He told the prosecutors that Capone fixed the jury, so the judge switched juries just before the trial began.
It is alleged that "Easy Eddie" did NOT want his son to follow in his footsteps.
On November 8, 1939, O'Hare's past caught up with him and he was killed by two shotgun-wielding gunmen.
"Butch" O'Hare goes to the Naval Academy
After 5 years at Western Military Academy "Butch" applied to the Naval Academy, and succeeded in begin accepted in 1932.
In 1937 he graduated from Annapolis, graduating 255th of 323 in the class.
On the day of "E.J."s death Ensign Butch O'Hare had made two training flights a the Naval Air Station in Pensacola, Florida. When he landed at sunset he was told of his father's death.
In May of 1940, he graduated and was presented with the gold naval aviator wings.
From there O'Hare went on to train with an air combat squadron where he learned aerial combat and night carrier landings.
Butch was an accomplished marksman and excelled in aerial gunnery.
In July of 1941, he took a break from training and was ferrying F4F-3 fighters. He picked one up from Floyd Bennet Field in Brooklyn and flew to St. Louis to visit his mother.
During that visit, he met a nurse by the name of Rita Wooster, and he asked her to marry him. She told Butch she didn't love him because she had just met him, but Butch didn't care.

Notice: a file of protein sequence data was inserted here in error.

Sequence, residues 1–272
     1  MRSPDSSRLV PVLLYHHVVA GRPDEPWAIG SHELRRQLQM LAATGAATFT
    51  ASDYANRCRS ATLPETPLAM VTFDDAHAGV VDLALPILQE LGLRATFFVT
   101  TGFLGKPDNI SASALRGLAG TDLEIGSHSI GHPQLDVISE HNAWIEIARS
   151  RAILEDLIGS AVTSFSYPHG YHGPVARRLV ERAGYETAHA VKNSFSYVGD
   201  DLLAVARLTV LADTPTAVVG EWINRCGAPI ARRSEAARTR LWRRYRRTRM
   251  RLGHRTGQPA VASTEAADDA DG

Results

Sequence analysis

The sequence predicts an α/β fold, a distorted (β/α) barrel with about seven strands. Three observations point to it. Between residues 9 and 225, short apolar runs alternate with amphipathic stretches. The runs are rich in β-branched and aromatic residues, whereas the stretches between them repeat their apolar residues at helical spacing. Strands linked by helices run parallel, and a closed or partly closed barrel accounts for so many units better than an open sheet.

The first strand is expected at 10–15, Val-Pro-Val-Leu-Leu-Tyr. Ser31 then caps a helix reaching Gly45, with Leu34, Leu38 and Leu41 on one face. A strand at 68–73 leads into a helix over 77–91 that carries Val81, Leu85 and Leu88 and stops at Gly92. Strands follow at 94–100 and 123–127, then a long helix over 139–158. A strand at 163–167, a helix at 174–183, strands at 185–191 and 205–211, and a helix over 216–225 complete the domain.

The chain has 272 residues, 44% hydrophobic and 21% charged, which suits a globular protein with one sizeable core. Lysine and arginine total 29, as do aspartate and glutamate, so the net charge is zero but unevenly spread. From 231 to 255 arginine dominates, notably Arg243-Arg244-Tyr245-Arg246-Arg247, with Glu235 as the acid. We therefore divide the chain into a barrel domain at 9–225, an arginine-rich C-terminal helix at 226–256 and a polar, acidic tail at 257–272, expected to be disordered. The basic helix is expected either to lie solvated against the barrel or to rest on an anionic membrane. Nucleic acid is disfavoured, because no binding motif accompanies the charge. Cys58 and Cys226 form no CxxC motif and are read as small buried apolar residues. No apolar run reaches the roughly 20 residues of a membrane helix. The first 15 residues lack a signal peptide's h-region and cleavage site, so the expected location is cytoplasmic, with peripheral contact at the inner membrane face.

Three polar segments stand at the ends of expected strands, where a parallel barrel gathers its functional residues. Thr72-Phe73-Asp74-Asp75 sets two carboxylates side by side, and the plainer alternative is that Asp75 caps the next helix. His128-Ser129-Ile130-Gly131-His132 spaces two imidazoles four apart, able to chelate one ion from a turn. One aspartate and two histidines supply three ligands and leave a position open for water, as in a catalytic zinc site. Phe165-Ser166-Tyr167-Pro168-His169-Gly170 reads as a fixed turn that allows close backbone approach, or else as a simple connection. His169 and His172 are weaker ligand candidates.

She then told him she was a Catholic and would only marry a Catholic, so Butch converted, and six weeks later they were married.
Immediately after the wedding, Butch had to report for duty with his squadron aboard the USS Saratoga aircraft carrier.
The squadron flew Grumman Wildcats, the Grumman F4F-3. This what the aircraft was like to fly:
Sunday, December 7, 1941 - Pearl Harbor
Butch was off duty that day and heard about the Japanese attack on his way home from lunch with his wife Rita.
The next day the USS Saratoga was dispatched to Pearl Harbor.
In January of 1942, Butch's squadron was moved to the aircraft carrier the USS Lexington which was part of a task force ordered to sail across the equator into the South Pacific and attack the Japs.